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Lycoming College students present research at University of Maryland symposium

Lycoming College students present research at University of Maryland symposium

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Six Lycoming College students recently presented their research at the University of Maryland Baltimore County Undergraduate Research Symposium. They were accompanied by Charles Mahler, Ph.D., chemistry professor, and Jeff Newman, Ph.D., professor and chair of the biology department.

The participating students were seniors Ellen Confer and Victoria Bortniak; and juniors Samantha Stropko, Andrew Gale, Jessica Hoffman and Rory McAtee. Stropko and McAtee each received first-place awards in their respective subject categories for their presentations.

Confer’s research investigating how kidney disease associated mutation (T1191) alters Myosin 1E intracellular localization was completed during a summer undergraduate research fellowship at SUNY Upstate Medical University.

Bortniak described her independent study project in Newman’s lab on the novel species Chryseobacterium populense CF314.

Stropko presented her discovery and characterization of a new bacterium that will be named Bacillus colbertis SJS. Her research also was done in Newman’s lab.

Gale’s bioinformatics project on a new, web-based method to calculate average amino acid identity between prokaryotic genomes was done in collaboration with Newman in biology and Eileen Peluso, Ph.D., in math/computer science.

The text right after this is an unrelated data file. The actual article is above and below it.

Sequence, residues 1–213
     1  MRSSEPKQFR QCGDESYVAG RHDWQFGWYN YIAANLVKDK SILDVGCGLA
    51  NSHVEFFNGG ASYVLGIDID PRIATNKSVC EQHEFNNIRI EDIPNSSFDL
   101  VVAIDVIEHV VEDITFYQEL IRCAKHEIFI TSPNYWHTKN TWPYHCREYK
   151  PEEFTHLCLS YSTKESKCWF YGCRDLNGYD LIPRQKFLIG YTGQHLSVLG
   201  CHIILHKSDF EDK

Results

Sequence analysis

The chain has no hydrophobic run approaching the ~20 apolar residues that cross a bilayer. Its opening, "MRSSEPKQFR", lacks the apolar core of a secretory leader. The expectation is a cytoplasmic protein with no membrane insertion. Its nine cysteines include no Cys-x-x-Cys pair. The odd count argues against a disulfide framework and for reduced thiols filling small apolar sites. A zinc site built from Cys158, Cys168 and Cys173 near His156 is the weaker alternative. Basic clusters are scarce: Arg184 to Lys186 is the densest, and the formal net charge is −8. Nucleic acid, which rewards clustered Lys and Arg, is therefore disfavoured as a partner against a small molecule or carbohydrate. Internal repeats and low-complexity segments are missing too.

Hoffman’s presentation focused on the detection of the G143A mutation in New York populations of Podosphaera leucotricha and its significance in QoI practical resistance. Her research was carried out during a summer undergraduate research fellowship at Cornell University.

McAtee spoke about the fine-tuning of the isomeric stability and metal-binding properties of light-triggered Hydrazone Metal Chelators. His work was done during a summer undergraduate research fellowship at Duke University.

Lycoming College is a four-year, residential liberal arts and sciences school dedicated to the undergraduate education of 1,400 students. Its rigorous academic program, vibrant residential community and supportive faculty foster successful student outcomes. Lycoming offers 36 academic majors and is recognized as a Tier 1 institution by U.S. News & World Report. Founded in 1812 and located near the banks of the Susquehanna River in Williamsport, Pa., Lycoming is one of the 50 oldest colleges in the nation. For more information, visit

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